A clever trick mathematicians use is to add things up two different ways. In particular, I've noticed several seemingly different areas of math where a quantity can be represented on a twodimensional grid, and then the value can be sliced vertically, and added, or it can be sliced horizontally and added. In these cases, the trick is either to equate these two ways of adding the quantities, or to show the two areas add up to the whole rectangle. A few examples will make clear what I mean.
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1. The Sum of Totients of Divisors of n is n (Euler's Totient Function)
2a. Young's Inequality, the general form . . . . . .
2b. the related discrete form (The Nondecreasing Sequence Two puzzle whose most elegant solution relies on Young's Inequality), involving nondecreasing positive integer sequences.
2c. The Integration by Parts formula is another example, closely related to the integral form of Young's Inequality  to make the similarity clear, express it as
∫u dv + ∫v du = uv,
and treat u and v as functions of an independent parameter, t. Now, plot the locus of (u,v) on axes, (u horizontal, v vertical), and it becomes clear that the area, uv, is composed of the sum of the two integrals, as each one views the area "under" the curve as being between the curve and its axis. That is, ∫v du represents the area between the curve and the u axis, while ∫u dv represents the area between the curve and the v axis.
3. Conjugate partitions (as visualized using Ferrers Diagrams) give us a way to get the same number of partitions for two different questions, e.g.
3a. Number of partitions of n into at most 3 parts;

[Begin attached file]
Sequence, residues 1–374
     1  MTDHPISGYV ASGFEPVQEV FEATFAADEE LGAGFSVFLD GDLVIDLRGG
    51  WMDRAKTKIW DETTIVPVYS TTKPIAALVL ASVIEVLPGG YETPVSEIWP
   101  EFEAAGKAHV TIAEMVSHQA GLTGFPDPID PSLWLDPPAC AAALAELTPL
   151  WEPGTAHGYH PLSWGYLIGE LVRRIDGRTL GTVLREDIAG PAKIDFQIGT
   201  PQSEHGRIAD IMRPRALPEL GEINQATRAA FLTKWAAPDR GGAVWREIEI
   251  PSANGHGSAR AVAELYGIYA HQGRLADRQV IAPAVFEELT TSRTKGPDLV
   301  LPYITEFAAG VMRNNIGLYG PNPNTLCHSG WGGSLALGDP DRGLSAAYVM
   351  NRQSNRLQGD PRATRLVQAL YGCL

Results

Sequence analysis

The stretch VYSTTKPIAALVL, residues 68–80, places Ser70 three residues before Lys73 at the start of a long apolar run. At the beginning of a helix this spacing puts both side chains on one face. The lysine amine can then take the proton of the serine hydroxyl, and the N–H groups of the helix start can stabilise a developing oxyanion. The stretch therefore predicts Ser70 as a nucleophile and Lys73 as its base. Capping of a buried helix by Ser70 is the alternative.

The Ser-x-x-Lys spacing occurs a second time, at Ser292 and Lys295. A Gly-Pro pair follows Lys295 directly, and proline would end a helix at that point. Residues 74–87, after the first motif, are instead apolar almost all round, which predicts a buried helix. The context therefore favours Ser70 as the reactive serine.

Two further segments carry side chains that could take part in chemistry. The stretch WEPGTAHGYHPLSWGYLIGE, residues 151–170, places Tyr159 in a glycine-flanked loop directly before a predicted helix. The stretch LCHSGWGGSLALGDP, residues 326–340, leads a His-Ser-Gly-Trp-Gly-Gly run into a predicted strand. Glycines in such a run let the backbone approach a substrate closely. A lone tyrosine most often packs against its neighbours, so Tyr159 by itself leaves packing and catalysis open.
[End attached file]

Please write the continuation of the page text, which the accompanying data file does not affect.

3b. Number of partitions of n in which the greatest part is at most 3;
The conjugate of each partition counted in 3a is counted in 3b.
3c. Number of partitions of n+3 into exactly 3 parts;
3d. Number of partitions of n+3 in which the greatest part is 3;
Similarly, the conjugate of each partition counted in 3c is counted in 3d. Moreover, the number of partitions counted in 3a, 3b, 3c, and 3d are all the same for any given n. (To see that every partition counted by 3a is counted by 3c, add 1+1+1 to each partition found by 3a. For the inverse, subtract 1+1+1 from each partition found by 3c, causing the parts to disappear if they were 1.)
4. Back to number theory: sum(k=1 to n) tau(k) = sum(h=1 to n) [n/h], where tau(n) is the number of positive divisors of n. (Tau function: number of divisors)
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Euler's Totient Function has a section that proves: The Sum of Totients of Divisors of n is n.
Young's Inequality  Let f be a realvalued, continuous, and strictly increasing function on [0,c] with c > 0. If f(0)=0, a in [0,c], and b in [0,f(c)], then
The Nondecreasing Sequence Two puzzle uses a discrete form of Young's Inequality.
The Integration by Parts formula adds up the area, uv, a second way: ∫u dv + ∫v du
. . . . . . a page is needed to describe conjugate partitions (as visualized using Ferrers Diagrams), and then it will be linked here. Also, this page should have a methodology for finding the number of partitions where the parts have certain properties, e.g. odd numbers, prime numbers, or almost hilariously: partition numbers themselves!
Tau function: τ(n) is number of positive divisors of n.
The webmaster and author of this Math Help site is Graeme McRae.